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Is it irrational to give to charity?

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BrentRolfe
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Again I am obviously missing something here and am looking for help/clarification. I agree with you that "our sense of justice does not demand that we turn away".......are you saying that our (Objectivist) sense of justice encourages us/leaves room for us to donate our earnings to "those less fortunate" even though there is no exchange of value for value?

Or am I mis-interpreting value by viewing it only as an "economic" transaction?.....i.e. one gives something concrete and gets something concrete in return.

How much is justice worth, in concrete terms? Material values are important to our lives, but non-material values even more so. Also, perhaps the very way you set up the situation, "those less fortunate," may be part of the problem. It is not simply the "less fortunate" in life whom you may respond to, but the real value of correcting an injustice, or making right a wrong.

But, in a way this whole issue is being blown way out of proportion to its significance in life. Any help we provide to innocent and deserving others is a peripheral issue, not anything at the heart of living. The fact of the matter is, in a truly free capitalist society, there would be so much wealth created that those whom you now think of as the "less fortunate" will be swept up in and carried along by the benefit from and generosity of the productive.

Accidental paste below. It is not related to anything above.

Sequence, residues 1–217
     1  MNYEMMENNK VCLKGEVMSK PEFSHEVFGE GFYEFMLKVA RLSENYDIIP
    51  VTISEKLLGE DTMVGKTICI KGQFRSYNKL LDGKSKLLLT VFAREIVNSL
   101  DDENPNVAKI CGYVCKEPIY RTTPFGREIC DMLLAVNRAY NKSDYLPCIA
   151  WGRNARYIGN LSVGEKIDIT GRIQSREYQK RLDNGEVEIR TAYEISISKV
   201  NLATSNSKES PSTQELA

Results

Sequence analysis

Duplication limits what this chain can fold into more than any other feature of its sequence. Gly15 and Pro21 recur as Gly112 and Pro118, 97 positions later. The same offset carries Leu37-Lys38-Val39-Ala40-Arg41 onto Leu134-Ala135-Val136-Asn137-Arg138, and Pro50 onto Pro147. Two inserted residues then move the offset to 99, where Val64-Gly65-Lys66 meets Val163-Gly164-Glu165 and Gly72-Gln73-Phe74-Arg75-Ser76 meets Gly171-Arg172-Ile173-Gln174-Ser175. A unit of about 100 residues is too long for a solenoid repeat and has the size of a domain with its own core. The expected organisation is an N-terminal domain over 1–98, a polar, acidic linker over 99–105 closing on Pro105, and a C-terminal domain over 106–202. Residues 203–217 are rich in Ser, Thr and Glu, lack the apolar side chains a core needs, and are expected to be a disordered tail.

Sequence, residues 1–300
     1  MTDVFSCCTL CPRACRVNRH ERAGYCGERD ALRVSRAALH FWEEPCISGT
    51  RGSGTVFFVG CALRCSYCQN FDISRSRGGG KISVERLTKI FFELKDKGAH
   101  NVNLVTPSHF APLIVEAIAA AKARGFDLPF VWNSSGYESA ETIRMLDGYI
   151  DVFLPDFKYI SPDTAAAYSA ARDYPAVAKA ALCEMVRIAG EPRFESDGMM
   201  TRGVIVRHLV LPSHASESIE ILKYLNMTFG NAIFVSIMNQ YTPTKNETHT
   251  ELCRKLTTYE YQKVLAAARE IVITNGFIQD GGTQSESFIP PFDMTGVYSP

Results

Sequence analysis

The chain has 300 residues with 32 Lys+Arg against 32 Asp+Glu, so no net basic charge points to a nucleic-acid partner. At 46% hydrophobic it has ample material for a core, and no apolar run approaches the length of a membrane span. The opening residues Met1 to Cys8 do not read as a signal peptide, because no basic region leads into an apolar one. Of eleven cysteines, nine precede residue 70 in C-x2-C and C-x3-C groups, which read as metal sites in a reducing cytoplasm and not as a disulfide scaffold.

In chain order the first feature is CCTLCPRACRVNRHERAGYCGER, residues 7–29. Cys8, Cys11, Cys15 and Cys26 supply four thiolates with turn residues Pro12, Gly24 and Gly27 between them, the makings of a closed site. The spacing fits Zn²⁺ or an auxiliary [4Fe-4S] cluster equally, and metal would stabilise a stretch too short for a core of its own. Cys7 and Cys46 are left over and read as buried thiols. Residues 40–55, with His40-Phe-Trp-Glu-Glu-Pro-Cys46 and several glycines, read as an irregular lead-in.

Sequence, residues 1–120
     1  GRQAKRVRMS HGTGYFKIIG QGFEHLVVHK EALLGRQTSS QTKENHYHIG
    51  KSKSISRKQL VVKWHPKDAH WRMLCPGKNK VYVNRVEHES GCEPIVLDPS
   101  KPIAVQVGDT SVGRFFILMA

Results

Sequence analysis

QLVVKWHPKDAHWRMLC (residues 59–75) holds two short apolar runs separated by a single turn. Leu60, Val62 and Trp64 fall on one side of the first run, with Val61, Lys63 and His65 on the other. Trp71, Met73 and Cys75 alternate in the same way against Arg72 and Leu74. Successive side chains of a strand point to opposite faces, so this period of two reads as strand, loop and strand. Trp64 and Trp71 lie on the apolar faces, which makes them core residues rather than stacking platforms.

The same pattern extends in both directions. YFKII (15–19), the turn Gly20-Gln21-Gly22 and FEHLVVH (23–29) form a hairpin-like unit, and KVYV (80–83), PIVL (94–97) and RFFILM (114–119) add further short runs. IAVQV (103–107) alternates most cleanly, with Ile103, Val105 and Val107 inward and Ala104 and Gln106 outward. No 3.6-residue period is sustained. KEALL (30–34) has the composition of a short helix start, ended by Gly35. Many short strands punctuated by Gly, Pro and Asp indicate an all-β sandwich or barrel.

Let me give you a somewhat callous example, on the extreme edge. When I lived in the fashionable upper east-side of Manhattan many years ago, I was disgusted to have to encounter the pathetic sight of street people doing some of the revolting things they do. I would have been happy to donate to a group that took these people off my street and provided a place for them. I say this to illustrate that even the lowest of the low stand to benefit from a society where the government does not control and regulate our every action while simultaneously taking the money from our pockets. Give us a truly free society and the issue of "charity" will not really be an issue at all.

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....then, in an Objectivist world,  I as the father am reliant on "irrational" capitalists (i.e. capitalists who voluntarily give away their money to others) for the support of my daughter.

Why is benevolence "irrational"?? I don't believe that "giving" when I have an abundance is irrational.. It would be irrational to give to a cause that is *detrimental* to myself; perhaps also to give to a cause for which I did not care.

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I think a lot of Objectivists (and advocates of laissez faire in general) seem to have grossly deluded ideas regarding how much the average person is going to be prepared to donate. In the past few weeks, I've seen it claimed that the entire military, legal system, education/health care for poor children, and now the supporting the disabled, is all going to be adequately funded by private donations (or 'lottery tickets' and other similar schemes). Does this not seem rather unrealistic?